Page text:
In the case of nouns, take more than the simple definition of the dictionary. Let it include some of what the logicians call the attributes or qualities. I am sure rather smart people will frequently find how imperfect is their knowledge of words. Giving the qualities of the word reveals, moreover, the animus of its use. Attend only to those attributes in which the speaker is interested. Take that of “advocates,” for instance, in the paragraph already used. Advocates are men; advocates are men with special qualifications; advocates are men engaged to defend their clients; advocates are men prejudiced in favor of their clients; advocates are dependent and partial men. Other attributes may be added. Treat in a similar way “malefactors ’’ and other words.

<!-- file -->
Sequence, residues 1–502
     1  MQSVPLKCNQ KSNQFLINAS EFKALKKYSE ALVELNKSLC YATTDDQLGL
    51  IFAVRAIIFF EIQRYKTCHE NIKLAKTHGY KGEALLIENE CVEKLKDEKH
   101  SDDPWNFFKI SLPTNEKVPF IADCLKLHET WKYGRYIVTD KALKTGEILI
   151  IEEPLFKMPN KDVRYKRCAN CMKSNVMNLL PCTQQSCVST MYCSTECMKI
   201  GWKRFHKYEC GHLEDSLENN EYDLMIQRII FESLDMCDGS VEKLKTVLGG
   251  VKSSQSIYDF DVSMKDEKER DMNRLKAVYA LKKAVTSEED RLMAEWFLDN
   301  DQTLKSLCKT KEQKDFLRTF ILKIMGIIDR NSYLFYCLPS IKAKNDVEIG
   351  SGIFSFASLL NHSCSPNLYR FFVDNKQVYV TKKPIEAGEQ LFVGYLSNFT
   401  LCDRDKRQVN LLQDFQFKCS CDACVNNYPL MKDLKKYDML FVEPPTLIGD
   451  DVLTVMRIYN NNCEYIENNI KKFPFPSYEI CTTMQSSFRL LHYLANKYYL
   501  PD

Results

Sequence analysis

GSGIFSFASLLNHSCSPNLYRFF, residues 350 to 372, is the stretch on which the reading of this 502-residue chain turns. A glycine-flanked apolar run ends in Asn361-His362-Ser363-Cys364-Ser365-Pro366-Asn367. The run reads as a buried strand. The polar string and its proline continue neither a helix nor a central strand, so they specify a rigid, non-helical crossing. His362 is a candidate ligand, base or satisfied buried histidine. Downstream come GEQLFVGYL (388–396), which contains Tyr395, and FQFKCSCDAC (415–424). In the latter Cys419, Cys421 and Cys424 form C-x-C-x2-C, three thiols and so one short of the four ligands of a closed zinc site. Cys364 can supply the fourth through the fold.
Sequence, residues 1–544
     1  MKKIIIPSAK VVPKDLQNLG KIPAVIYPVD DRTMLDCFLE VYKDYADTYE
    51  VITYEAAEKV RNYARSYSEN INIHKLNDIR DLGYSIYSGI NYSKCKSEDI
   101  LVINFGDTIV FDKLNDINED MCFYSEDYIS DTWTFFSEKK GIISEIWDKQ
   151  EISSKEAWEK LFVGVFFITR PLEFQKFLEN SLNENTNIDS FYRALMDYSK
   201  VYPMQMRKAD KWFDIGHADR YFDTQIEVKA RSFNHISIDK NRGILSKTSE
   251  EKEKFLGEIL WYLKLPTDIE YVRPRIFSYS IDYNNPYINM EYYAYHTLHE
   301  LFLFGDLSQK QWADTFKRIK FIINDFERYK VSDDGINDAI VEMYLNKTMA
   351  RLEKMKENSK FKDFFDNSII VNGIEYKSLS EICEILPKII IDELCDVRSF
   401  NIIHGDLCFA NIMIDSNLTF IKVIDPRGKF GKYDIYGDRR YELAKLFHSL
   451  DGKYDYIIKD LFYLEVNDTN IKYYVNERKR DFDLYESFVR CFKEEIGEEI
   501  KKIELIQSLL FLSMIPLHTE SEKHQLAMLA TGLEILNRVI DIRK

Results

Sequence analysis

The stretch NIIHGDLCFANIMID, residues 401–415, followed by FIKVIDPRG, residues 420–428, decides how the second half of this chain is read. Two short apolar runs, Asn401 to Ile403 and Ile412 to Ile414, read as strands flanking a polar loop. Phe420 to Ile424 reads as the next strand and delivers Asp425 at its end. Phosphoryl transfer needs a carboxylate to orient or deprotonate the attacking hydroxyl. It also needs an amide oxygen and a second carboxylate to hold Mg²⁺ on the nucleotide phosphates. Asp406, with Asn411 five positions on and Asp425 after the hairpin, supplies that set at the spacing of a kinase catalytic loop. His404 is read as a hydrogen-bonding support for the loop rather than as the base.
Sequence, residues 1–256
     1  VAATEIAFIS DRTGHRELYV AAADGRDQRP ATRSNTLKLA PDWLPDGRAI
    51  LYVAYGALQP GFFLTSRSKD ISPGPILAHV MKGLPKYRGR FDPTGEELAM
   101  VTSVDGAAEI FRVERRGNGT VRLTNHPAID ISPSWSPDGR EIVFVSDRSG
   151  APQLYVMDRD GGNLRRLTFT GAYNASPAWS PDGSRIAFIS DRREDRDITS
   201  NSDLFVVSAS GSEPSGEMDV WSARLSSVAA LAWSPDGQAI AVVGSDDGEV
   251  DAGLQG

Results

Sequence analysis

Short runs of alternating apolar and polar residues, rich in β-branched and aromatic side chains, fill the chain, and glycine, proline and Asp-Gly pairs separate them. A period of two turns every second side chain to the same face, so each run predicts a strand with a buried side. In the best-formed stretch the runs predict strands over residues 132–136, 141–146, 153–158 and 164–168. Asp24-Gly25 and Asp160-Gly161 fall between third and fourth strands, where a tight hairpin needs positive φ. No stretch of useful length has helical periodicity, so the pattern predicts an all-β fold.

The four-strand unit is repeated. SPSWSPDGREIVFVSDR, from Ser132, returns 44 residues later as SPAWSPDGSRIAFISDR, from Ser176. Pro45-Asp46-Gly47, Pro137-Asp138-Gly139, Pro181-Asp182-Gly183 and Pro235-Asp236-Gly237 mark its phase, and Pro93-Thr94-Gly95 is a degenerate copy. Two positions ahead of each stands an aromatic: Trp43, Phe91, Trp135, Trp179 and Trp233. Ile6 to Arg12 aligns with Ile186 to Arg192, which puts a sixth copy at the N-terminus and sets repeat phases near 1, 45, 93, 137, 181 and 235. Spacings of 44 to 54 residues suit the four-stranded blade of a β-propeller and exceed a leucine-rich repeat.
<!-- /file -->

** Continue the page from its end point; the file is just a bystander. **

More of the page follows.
4. Analyze the sentence to determine the new idea. We have seen that, to be significant, the idea must point to something beyond itself. This fact is utilized in attending to the relations of one sentence to another. In delivering a succession of sentences, since the old idea has a hold already upon the thought, the new idea should be made most easily apprehensible by giving it greater prominence. Hence, the old as related to the new must be clearly thought. In the second sentence of the previous quotation, the pronoun He [Charles] is the old idea, for it is contained in the preceding sentence. It relates the new idea of the second sentence to the old idea of the preceding sentence. “Arizoate z/irtues * is this new idea of the second sentence. In the third sentence, “And had James the Second no private virtues 2" virtues [the old idea) is the term relating the third to the second sentence. James the Second is the new idea. So each sentence of the composition has something new, but at the same time something old, that points to other sentences. In this manner the sentences of wellconstructed discourses form a chain. To determine the new idea is of prime importance, and well worth the student's most careful and prolonged attention. It contributes equally to clearness and force. Upon it correct emphasis and all movement depend.